Family Recovery Series: 6 Things You Can Do to Help an Alcoholic Loved One.
Part 2: Get Support for Yourself.
Last month we talked about the importance of understanding the disease of alcoholism so we can respond to the disease in ways that really help. When we understand alcoholism, we don’t have to take the behavior of the alcoholic personally. We are then better able to set healthy boundaries around the effects of the disease for ourselves and our loved ones. Understanding alcoholism doesn’t mean that setting healthy boundaries will be easy. Facing alcoholism on our own is too much for most of us.
This month, we are going to talk about the second thing you can do to help an alcoholic loved one:
2. Get support for yourself in order to set healthy boundaries.
This idea usually is confusing as we think “I am not the one with the problem.” The reality is the problem does not just belong to any one individual, it belongs to the family. Addiction is a family problem that requires a family solution. Our Family Program is built on the belief that each family member has been impacted by their loved one’s use. Alcoholism involves not only the use of alcohol but also the family’s reactions to that use. Research suggests the way family members can support long term recovery is through education about alcoholism and addiction and involvement in their own recovery. When we are in relationship with someone struggling with drug and alcohol addiction our lives are negatively impacted. We can experience anger, confusion, pre-occupation with another, and underlying all of these reactions are fear.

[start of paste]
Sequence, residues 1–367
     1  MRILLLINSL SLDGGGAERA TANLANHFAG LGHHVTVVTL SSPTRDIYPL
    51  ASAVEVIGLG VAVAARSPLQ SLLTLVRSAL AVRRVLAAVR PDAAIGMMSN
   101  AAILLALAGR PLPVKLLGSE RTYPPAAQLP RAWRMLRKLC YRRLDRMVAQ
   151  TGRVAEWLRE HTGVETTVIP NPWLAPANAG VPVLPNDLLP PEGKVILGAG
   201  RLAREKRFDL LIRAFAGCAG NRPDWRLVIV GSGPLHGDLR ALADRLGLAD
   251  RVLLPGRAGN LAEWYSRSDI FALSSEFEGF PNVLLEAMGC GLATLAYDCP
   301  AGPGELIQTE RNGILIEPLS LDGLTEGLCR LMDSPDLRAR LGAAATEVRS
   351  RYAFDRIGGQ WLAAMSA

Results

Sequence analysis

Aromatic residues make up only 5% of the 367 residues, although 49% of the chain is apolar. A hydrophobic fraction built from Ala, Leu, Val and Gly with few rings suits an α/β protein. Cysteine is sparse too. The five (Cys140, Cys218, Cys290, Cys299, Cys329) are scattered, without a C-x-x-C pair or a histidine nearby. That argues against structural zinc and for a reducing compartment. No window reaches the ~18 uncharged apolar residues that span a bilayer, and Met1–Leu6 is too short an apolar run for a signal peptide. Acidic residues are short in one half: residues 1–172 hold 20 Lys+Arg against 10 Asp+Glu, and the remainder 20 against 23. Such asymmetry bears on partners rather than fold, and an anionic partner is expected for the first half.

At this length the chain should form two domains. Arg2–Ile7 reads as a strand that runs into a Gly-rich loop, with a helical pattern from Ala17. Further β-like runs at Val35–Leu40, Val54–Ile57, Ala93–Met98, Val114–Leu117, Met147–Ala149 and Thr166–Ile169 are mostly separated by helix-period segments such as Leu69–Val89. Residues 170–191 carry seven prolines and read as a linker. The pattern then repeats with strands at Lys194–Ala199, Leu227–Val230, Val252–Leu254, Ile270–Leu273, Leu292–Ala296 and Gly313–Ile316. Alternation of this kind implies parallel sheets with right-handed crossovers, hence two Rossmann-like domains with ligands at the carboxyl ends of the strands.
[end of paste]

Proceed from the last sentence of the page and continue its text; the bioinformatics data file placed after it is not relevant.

We need to learn to separate our own growth and happiness from our loved one’s sobriety. This does not mean physical separation, but it does mean emotional detachment. Attending Al-Anon meetings and meeting with others who have experienced similar situations and have found a way to serenity is very helpful. Participants in our Family Program often experience the first glimmer of hope that, despite the difficulties their loved one’s addiction brings, they can still live happy, satisfying lives. This realization allows them to emotionally detach from the disease while still loving their loved one.
This has been an amazing experience. I have arrived here feeling stressed, fearful and a bit angry- and I left feeling empowered, loved and strong.
~Wife of an alcoholic, participant in The Retreat Family Program
It is important to remember that you are not alone. We are always here to help. For More Information Download our Free Family Brochure!
*Next Month: The third thing you can do to help an alcoholic loved one: Set Limits and Stick to Them.
Don’t want to wait until next month? Download our free PDF: 6 Things You Can Do to Help an Alcoholic Loved One.